Site Reliability Engineering is Operations

Stephen Thorne
Dec 19, 2018 · 3 min read

I saw two emotionally charged opinions on Twitter this week about SRE and Operations. They really made me think.

The first tweet I saw was from @tmclaughbos — where he makes the impassioned case that doing a Kubernetes (EKS) migration is not an SRE activity.

The thing that really made me think was Tom saying “That sounds like just an operations team.”

I am a Site Reliability Engineer at Google, I have run some of the worlds largest applications at scale since 2011, and Site Reliability Engineering does Operations.

Later that week I saw Mar⚡️us write about the dev/ops split in SRE going badly. Mar⚡️us is referring to the principle that an SRE team should spend less than 50% of its time doing ‘Toil’ or repetitive work (SRE Book Chapter 5: Eliminating Toil, “Why Less Toil Is Better”):

And this short story speaks volumes to me. It’s a failure mode of the SRE engagement I’ve not seen this starkly, but I have certainly seen things like it before: The team runs the system, they muck about in the rest of their time not being overly productive, but it looks like work so nobody complains.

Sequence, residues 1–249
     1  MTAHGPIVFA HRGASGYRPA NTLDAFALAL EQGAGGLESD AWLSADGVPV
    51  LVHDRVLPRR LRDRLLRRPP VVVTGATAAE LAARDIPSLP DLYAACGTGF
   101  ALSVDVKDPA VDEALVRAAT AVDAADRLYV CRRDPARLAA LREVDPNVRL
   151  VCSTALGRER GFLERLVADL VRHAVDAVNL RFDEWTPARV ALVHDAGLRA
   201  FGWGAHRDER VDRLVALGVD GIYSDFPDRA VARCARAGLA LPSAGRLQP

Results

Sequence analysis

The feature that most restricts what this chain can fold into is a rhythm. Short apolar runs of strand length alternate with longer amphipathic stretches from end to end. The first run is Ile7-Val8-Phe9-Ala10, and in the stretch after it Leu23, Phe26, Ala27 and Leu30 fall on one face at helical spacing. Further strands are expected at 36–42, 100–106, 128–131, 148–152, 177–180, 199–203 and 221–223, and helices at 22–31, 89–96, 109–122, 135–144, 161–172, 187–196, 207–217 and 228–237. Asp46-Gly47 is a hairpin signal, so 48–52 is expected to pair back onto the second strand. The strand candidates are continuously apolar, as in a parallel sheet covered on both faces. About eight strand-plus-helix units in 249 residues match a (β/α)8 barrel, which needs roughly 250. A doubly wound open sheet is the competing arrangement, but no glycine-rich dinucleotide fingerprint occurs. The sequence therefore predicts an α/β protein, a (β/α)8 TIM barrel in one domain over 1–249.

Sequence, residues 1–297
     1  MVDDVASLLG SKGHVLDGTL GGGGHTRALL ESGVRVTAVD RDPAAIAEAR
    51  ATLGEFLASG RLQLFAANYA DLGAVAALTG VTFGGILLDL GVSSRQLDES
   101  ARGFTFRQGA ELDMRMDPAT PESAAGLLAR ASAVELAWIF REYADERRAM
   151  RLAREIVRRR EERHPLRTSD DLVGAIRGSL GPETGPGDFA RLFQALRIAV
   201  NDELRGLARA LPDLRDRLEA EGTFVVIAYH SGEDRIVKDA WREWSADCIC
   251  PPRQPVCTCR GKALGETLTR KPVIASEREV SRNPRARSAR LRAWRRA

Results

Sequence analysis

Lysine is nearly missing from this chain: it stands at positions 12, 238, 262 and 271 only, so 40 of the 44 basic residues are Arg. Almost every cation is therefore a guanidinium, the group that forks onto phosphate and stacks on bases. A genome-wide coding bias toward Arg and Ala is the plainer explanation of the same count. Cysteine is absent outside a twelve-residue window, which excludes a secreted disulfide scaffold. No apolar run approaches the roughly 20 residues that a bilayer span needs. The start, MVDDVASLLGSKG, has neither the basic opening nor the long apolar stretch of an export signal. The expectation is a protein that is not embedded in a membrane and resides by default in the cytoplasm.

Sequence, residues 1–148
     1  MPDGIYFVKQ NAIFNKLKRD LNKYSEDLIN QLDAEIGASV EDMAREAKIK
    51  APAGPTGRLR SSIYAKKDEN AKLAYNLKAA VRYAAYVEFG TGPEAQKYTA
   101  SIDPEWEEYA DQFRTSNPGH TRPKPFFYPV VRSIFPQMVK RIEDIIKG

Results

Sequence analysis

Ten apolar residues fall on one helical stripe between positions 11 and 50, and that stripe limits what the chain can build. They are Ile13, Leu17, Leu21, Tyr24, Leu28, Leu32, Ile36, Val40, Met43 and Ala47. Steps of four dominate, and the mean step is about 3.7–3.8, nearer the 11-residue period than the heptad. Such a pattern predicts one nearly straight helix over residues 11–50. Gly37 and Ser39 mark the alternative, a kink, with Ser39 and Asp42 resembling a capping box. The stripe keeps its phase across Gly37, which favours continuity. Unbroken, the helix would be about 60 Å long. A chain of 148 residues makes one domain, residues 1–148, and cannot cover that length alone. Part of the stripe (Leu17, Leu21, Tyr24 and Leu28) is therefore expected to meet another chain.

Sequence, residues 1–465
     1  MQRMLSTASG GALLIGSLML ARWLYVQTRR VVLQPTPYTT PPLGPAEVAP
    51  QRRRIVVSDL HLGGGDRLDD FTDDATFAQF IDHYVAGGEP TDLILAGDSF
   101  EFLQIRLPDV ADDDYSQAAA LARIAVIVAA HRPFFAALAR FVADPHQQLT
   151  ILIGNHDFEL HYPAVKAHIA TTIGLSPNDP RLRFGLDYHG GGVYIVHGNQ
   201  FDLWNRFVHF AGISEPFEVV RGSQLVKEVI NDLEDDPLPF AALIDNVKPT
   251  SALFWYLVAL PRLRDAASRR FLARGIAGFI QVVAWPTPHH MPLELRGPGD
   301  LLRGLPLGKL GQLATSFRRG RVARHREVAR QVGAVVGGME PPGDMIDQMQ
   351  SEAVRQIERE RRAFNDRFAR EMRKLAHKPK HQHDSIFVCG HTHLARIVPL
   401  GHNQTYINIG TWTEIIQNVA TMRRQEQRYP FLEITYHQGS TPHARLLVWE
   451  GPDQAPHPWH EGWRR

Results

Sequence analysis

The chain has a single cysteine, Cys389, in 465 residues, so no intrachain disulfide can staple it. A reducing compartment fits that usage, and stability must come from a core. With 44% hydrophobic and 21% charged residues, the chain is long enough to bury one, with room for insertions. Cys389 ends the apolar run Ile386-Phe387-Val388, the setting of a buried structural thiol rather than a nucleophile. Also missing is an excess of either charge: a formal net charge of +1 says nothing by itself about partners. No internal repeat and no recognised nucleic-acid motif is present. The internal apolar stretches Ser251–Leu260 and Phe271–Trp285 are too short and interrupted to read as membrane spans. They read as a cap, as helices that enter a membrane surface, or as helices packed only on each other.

In the previous thread with Tom McLaughlin, I pulled out the somewhat grandiose quote from Benjamin Treynor-Sloss:

Tom challenged if migration to EKS (Kubernetes) was an SRE activity because it sounded like an Ops team. Mar⚡️us points out that it’s possible for an SRE team to just do a bad job of operations if they make enough noise about Service Level Objectives. (I’m paraphrasing: actual words are above in the embedded tweets, please read them and the context threads for their stated positions).

Boris the SLO Loris Approves of using Service Level Objectives

My position on this is: Site Reliability Engineering must do Operations, but a well functioning SRE team must do those operations mindfully and with respect to their actual goal, which hasn’t been stated here:

SRE help the entire organisation take appropriate risks.

  • When things are reliable: move faster, take more risks.
  • When things aren’t so reliable: move slower, mitigate problems, take fewer risks.

An EKS migration is a huge risk. If the folks responsible for it measure performance, are mindful of the problem space, and are directly engaged, they are in an excellent position of making sure that the appropriate risks are taken.

This has to be bracketed by what Mar⚡️us was pointing out: an SRE team has to show results beyond their operations. At the end of your reporting period: What projects did the SRE team complete? What toil did they reduce? What’s their plan for the next major risk facing the business, like a migration, new system deployment, or their next 10x userbase?

What do I think about SRE sounding like an ops team?

Site Reliability Engineering do Operations but are not an Operations Team.

Thanks for reading. Please feel free to comment here or chat with me on twitter.

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